My suggestion for at home preparation is to use three grams for every six to eight ounces (180 to 240 ml) of water to be used. Heat water to 195° (90°C). Infuse the leaves for 2:00 to 2:30 minutes for the first infusion. Expect at least three or four quality infusions out the same serving of leaves. Decrease the infusion time on the second infusion to 1:00 to 1:30 minutes, then add 15 to 30 seconds to each additional infusion.

Yun Bi Oolong Tea Infusion
Yun Bi Oolong Tea Infusion

The first infusion produced a liquor with a bright golden-yellow color, perfectly clear and transparent. The aroma has scents of cream, light brown sugar, light vanilla, light wood, cinnamon, and light flowers. The body is medium, with a silky, creamy texture. The taste has quite an array of descriptions, with notes of wood, cream, brown sugar, vanilla, peaches, flowers, and very light cooked leafy vegetables. The aftertaste is sweetly floral, and a persistent floral bouquet can be felt on the breath.

Yun Bi Oolong Tea Infused Leaves
Yun Bi Oolong Tea Infused Leaves

The infused leaves have a consistent fresh forest green color, with some minor reddish hints around the edges, and brown stems. The oxidation does not seem as high now that the leaves have been infused. These leaves are 99% whole and unbroken! I found very few fragments in the sample, further indicating the careful hand plucking and hand processing of the leaves. The leaves are quite small and many appear young, with the majority measuring well under one inch (25 mm), and very few measuring over 1.5 inches (38 mm). The leaves are fairly narrow. Their is a generous portion of nicely developed buds, and the pluck varies from three leaves and no bud to one leaf and a large bud. The aroma has scents of vanilla, sweet wet wood, light cooked vegetables, a touch of cinnamon, light peach, and light flowers.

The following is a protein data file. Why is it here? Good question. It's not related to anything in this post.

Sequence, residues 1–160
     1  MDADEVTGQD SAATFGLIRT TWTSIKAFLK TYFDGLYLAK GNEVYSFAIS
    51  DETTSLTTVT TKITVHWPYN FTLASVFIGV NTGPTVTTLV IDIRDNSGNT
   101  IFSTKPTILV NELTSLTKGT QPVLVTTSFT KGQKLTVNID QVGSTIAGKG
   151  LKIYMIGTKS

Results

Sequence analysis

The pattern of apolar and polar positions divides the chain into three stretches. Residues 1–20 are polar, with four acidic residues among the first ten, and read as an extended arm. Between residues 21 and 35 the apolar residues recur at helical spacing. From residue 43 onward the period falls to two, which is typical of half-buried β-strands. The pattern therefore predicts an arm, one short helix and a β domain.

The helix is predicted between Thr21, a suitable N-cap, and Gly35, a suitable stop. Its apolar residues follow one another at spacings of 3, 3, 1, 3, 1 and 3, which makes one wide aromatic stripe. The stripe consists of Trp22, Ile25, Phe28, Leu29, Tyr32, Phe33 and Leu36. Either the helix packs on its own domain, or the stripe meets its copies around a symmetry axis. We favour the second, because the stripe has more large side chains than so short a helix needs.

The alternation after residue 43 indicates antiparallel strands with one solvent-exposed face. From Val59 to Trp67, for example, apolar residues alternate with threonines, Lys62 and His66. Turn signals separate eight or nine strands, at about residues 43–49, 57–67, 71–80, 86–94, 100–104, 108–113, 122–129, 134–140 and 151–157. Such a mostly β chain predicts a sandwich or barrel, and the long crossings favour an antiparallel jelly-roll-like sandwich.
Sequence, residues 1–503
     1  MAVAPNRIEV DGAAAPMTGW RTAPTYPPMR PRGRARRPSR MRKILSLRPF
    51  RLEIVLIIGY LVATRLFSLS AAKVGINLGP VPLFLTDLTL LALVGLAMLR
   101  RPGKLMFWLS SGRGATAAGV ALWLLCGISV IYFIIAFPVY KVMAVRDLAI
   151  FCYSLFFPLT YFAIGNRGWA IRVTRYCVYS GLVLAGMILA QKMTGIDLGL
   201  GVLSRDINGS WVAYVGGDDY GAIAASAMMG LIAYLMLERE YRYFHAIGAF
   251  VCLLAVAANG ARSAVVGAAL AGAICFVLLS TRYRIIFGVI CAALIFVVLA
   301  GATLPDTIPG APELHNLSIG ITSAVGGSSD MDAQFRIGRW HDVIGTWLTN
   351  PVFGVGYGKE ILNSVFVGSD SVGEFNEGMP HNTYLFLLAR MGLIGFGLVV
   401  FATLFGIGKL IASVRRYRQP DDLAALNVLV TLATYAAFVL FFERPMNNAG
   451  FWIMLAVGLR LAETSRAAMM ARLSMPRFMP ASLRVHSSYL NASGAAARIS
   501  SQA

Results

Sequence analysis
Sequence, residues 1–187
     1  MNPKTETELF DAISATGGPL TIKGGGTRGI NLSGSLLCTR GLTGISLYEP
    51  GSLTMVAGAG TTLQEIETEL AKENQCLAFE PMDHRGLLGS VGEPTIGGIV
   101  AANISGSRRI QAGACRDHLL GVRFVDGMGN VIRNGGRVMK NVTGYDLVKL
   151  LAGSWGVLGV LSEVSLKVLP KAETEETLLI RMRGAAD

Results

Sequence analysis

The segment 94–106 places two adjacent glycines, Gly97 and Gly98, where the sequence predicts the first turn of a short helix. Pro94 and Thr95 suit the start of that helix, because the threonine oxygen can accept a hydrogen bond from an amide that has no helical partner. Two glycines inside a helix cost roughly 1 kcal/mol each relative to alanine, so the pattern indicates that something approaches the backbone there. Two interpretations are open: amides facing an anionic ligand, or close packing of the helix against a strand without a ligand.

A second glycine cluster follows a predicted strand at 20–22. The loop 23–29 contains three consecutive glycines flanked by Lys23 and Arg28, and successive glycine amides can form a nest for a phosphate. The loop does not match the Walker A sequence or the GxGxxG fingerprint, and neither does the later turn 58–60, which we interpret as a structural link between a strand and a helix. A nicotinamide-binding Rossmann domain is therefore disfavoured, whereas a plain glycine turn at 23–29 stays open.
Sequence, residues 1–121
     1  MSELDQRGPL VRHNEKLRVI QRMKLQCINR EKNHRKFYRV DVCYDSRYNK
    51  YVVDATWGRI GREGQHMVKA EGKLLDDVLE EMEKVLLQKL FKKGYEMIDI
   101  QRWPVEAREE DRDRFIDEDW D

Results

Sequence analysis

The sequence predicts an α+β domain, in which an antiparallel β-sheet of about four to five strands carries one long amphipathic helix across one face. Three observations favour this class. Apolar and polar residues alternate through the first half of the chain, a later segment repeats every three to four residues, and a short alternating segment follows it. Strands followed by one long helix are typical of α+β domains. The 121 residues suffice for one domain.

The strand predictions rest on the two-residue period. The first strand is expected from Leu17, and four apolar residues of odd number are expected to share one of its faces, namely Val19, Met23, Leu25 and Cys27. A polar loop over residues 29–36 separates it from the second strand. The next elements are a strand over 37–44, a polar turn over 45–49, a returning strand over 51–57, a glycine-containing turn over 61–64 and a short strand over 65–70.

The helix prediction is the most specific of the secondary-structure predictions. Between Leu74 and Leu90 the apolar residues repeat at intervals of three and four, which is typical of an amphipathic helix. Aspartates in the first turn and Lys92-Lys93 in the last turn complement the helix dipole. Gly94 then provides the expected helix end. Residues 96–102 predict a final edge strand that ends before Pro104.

I have reviewed many teas whose manufacturers have claimed that the entire production process is completed by hand, but few teas have proven this claim so clearly as this Yun Bi Oolong Tea from Doi Inthanon Tea Partnership. This tea was among the most interesting reviews, from the dry leaves to the infused leaves, that I have completed on this blog. It is amazing to see such small farms do what Doi Inthanon Tea Partnership is doing. If you read their website (I linked to it in the introduction above), you will see what the land was used for before it was rehabilitated and turned into tea, Chinese Mulberry, and Japanese persimmons. Amazingly, I can still taste all of the old crops, such as the peaches from the peach orchards, and the leafy green vegetables. This tea paints a very clear picture of the history of the land, as well as the care that goes into manufacturing it. I feel like I could write a book about this tea alone. It is seriously that interesting to me.